After negotiations, they agree to join the colonies and, knowing that it will be a new experience, they go down to the planet to start a new life together. Sadly this also means that Brenna and Riker will not have an opportunity to be together but, in order to save save her people, she agrees to the arrangements after learning that she has a chance with the Prime Minister of the new colony.
Is this a ‘Good’ Episode:
On its surface it’s not a bad one but it is pretty much a throwaway episode. This one does little to move the characters forward but it has some interesting elements nonetheless. We get a little more insight into Klingon Culture through Worf and also a little bit of pre-Federation history.
If you dig in, the concept of Cloning is something that is met head on. Does a clone have rights? Does a clone of you diminish who you are? Is a Clone being made have a soul or a life? Sadly, these questions are not entirely answered but they are brought up and make you think for a moment.
As I said before, all in all, it is a ‘throwaway’ episode at best.
Gleanings and Cool Bits:
We learn that LaForge can detect subtle variations in humans. This allows him to be able to tell if someone is being truthful or not.
During the episode there is a minor subplot involving Worf contracting rop’ngor (Klingon Measles) and after Pulaski covers for him, we see the Klingon Teas Ceremony. We also learn that even their Tea Ceremonies are violent as the tea is highly toxic. Yeesh, Klingons do have a death wish.
Riker once again shows his cavalier nature and romances yet another woman. This time it is not entirely his pursuit as Brenna Odell is also a pretty forward lady. She seems to know what she wants and makes no qualms about it. With how much he insists he loves Deanna Troi, he sure has no issues sleeping around. If it wasn’t for the Federation Transporter technology filtering out ‘foreign objects’ this guy would be a walking social disease.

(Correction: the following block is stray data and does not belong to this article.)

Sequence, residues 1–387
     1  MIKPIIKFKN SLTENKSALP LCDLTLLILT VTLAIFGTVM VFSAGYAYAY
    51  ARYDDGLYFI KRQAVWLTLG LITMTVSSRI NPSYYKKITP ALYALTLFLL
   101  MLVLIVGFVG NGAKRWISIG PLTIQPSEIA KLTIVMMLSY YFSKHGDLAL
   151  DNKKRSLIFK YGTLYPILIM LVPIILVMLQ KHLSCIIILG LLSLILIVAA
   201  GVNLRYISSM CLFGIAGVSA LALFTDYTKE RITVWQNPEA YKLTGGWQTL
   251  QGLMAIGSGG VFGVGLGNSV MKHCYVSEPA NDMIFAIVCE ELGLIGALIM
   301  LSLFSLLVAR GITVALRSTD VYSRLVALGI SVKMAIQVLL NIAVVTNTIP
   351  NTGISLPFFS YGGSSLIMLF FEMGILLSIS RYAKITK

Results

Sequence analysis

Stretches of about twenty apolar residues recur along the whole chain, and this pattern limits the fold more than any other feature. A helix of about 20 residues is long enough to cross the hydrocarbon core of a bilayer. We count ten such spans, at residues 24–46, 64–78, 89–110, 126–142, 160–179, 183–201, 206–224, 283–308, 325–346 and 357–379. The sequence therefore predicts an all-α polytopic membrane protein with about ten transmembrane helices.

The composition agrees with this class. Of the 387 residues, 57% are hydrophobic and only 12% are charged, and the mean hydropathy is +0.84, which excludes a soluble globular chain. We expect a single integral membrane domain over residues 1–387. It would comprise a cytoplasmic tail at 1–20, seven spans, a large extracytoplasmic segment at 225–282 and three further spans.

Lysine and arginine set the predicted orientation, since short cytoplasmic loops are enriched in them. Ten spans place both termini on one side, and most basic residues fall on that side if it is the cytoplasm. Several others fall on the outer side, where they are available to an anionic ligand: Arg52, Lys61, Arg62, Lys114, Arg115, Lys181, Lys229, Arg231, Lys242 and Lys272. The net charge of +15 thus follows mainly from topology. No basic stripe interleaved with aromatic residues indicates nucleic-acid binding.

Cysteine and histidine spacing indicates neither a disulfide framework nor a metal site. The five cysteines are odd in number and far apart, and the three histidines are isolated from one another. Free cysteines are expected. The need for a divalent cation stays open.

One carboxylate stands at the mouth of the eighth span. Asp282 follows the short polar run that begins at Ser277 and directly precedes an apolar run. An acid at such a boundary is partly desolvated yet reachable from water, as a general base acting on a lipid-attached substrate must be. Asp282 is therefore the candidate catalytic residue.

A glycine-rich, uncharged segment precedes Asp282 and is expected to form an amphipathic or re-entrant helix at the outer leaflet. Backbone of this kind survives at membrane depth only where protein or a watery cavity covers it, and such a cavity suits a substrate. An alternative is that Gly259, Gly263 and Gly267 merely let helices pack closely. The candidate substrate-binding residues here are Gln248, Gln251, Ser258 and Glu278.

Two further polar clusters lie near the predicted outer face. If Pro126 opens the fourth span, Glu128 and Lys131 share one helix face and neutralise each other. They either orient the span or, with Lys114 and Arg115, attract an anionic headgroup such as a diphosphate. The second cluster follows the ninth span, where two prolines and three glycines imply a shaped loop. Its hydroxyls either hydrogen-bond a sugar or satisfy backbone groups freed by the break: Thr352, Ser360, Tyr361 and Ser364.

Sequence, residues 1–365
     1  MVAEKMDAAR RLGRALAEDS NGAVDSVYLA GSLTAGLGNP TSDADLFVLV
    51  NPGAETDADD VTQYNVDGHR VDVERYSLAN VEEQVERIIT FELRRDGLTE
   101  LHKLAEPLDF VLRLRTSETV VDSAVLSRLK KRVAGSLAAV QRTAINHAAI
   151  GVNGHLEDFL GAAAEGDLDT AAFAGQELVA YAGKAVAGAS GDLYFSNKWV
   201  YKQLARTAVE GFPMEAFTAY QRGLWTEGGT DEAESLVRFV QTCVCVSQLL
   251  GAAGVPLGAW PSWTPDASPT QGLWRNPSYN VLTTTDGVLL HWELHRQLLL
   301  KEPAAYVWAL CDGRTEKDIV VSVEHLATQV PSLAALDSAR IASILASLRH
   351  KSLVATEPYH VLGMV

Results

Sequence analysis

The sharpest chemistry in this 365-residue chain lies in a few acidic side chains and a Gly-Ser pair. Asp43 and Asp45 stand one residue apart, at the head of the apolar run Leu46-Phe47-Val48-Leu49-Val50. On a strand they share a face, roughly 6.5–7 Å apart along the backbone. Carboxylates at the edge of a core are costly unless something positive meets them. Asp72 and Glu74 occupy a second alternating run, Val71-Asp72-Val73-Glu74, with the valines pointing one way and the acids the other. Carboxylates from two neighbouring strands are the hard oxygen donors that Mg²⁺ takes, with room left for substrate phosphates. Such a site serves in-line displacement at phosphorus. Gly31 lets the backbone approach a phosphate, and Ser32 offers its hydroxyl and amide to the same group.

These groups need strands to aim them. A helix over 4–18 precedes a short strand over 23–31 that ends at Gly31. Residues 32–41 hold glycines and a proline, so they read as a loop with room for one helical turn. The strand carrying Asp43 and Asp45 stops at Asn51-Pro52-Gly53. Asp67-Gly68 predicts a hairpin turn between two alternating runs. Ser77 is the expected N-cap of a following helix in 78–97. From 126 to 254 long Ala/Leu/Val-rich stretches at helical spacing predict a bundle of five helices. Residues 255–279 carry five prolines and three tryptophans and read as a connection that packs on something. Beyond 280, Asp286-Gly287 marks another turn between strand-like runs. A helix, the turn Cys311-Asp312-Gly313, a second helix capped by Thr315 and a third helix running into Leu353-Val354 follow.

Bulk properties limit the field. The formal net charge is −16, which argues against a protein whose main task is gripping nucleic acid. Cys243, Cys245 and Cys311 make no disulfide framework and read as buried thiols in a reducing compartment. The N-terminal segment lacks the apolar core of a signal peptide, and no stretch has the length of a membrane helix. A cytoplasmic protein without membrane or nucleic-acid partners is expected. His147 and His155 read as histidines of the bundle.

Then there is the case of the might-be-Eddie-Murphy appearing in this episode. There is a guy in this episode who could pass as Eddie’s…dare I say it…Clone. It is uncanny!
Thanks for reading the Retro TV Review, I look forward to discussing the rest of the series with you, one episode at a time every Monday, Wednesday and Friday! Next Review: Manhunt
As always, please feel free to comment below and share your experiences with these episodes as well. If you just happened by, tell me what you think! Don’t Forget To Follow me if you like the blog!
Late To The Game 4/9/2018
Special Thanks to Memory Alpha as they are one of the best sources for details on Star Trek information available. Although I have a pretty deep knowledge on the subject, they have proven invaluable as a regular resource.
“Star Trek and all related marks, logos and characters are solely owned by CBS Studios Inc. This fan production is not endorsed by, sponsored by, nor affiliated with CBS, Paramount Pictures, or any other Star Trek franchise, and is a non-commercial fan-made production intended for recreational use. No commercial exhibition or distribution is permitted. No alleged independent rights will be asserted against CBS or Paramount Pictures.”